Dear Santa, the PI has been a good boy.

full moon xmas eve

My backyard with the rising Christmas Eve full moon

Well,  I’ve tried to be good.

If you’re a long-term reader of the blog you know I’m at home this year, here in absurdly-warm (60’s) Novelty, Ohio.   Given I’m MUCH closer to the North Pole than the field team,  I’ve sent off the letter to Santa below, in the hopes he’s feeling generous.

Dear Santa,

It’s hard for a scientist to understand how you objectively measure “naughty” and “nice”, but whatever your model or analysis, I hope you find ANSMET in the latter category. Our field people are the meteoritic equivalent of your elves,  gathering fantastic goodies that the planetary materials community can find in their stockings (providing they put in the correct requests,  wait a few months, and don’t actually put them in stockings).

Assuming your discussion/interpretations/conclusions results in “nice”,  I’d like to ask for the following for the field team.

-For Morgan,   a full season, recovering lots of colorful, sparkly and oddly-isotoped specimens.

-For Nina,  good connectivity, at least one salty, hydrously-altered sedimentary martian meteorite, and Shiny!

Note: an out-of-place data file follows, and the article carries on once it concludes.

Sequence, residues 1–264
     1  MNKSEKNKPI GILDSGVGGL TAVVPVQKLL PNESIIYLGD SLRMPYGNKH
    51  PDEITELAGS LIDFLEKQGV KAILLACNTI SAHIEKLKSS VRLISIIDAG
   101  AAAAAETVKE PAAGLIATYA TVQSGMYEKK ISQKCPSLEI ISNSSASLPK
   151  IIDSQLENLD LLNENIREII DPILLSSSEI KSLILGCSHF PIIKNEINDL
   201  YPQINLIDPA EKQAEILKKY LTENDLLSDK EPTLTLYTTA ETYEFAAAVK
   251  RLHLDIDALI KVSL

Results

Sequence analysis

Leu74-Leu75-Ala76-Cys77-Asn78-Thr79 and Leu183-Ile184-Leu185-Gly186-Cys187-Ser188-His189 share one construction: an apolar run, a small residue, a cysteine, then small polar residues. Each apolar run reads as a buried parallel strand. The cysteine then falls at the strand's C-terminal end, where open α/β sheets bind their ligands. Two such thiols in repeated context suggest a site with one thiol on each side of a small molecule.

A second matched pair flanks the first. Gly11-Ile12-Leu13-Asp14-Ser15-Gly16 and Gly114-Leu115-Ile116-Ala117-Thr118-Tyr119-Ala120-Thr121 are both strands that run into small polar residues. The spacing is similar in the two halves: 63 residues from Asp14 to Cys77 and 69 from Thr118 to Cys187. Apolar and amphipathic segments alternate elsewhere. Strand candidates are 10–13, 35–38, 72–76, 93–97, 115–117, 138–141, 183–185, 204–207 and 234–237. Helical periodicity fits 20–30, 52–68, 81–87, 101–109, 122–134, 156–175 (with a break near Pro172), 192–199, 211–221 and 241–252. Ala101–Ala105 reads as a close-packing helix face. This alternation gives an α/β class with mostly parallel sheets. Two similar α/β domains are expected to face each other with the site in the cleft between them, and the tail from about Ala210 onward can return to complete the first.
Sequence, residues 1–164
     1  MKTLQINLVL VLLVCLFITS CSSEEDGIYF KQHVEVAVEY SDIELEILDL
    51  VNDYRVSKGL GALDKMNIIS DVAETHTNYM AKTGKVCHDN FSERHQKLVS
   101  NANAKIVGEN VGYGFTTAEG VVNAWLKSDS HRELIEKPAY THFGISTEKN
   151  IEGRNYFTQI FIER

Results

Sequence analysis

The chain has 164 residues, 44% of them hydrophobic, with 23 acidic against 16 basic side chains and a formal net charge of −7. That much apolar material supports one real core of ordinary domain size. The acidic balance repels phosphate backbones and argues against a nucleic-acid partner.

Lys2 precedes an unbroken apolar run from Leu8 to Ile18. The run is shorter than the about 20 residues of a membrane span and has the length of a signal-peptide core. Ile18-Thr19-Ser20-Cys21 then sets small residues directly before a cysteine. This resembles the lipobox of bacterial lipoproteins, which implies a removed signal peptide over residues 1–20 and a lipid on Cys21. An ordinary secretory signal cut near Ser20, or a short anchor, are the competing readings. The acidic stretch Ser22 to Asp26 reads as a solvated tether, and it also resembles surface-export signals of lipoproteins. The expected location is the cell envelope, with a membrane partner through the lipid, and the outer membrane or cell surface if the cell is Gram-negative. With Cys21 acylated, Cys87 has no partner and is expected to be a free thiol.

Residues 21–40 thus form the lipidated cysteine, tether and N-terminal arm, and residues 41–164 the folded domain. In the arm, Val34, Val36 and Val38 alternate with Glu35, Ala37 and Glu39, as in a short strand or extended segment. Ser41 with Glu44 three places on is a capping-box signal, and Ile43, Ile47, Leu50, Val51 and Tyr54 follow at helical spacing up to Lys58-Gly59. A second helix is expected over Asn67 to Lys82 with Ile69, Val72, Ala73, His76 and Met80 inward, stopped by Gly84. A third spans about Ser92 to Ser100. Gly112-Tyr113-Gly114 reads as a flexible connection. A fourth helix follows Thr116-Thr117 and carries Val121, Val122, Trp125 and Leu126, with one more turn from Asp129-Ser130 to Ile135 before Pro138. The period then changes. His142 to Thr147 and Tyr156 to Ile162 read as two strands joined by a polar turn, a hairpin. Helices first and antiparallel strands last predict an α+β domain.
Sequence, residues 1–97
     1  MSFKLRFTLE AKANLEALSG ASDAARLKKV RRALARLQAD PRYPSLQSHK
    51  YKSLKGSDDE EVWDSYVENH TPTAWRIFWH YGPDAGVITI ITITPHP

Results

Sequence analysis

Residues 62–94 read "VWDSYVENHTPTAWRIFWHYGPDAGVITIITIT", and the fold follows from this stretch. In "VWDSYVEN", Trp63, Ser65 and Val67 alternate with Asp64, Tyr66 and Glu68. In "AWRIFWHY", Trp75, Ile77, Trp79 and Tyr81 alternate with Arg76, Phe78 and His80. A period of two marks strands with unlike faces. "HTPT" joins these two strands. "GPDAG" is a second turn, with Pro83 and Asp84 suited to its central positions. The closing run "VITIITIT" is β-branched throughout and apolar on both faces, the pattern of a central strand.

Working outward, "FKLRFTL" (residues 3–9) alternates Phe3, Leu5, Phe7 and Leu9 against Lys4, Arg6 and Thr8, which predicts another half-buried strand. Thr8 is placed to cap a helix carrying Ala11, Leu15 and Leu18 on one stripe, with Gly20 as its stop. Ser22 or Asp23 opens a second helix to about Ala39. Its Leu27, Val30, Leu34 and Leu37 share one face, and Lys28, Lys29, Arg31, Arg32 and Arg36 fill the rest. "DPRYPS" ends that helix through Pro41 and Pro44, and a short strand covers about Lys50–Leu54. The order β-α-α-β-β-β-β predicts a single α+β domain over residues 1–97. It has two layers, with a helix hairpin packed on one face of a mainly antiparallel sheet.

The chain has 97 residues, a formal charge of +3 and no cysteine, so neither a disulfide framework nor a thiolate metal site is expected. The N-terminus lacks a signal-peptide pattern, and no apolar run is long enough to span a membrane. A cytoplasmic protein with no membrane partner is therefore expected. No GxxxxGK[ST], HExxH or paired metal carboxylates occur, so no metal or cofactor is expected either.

-For Brian,  that “guiding Trump up Denali” gig next April.  The bidding war for guiding him back down should be lucrative.

-For Con,  a strangely warm meteorite that smell suspiciously of sulfur.  Maybe with a label “Made on Amtor”.

-For Ellen,  a specimen that’s just one big CAI made up of concentric layers of condensates, with a big interstellar grain in the middle.

-For Cindy, a mistake in the 2016 NASA budget that funds lab and curatorial support in perpetuity at 0.1% GDP.

-For Jim, a piece of amphibolite exactly the shape and size of a hockey puck. And the smallest dose of John’s respect (too much is dangerous and intoxicating)

-For John,  a healthy field team, flights on schedule, unbreakable snowmobiles that get 30 mpg, and absolutely no excitement as other “leaders take charge”.

What do I want?   For the field team I want everyone to have a healthy, happy season with lots of meteorites every day and good weather that makes the season seem to go by quickly (that’s for me, too).  For all our friends who study the meteorites we bring back, continued curiosity,  good funding, and a new mystery in every rock.

And for everyone else,  peace,  safety,  and contentment through the holiday season and beyond.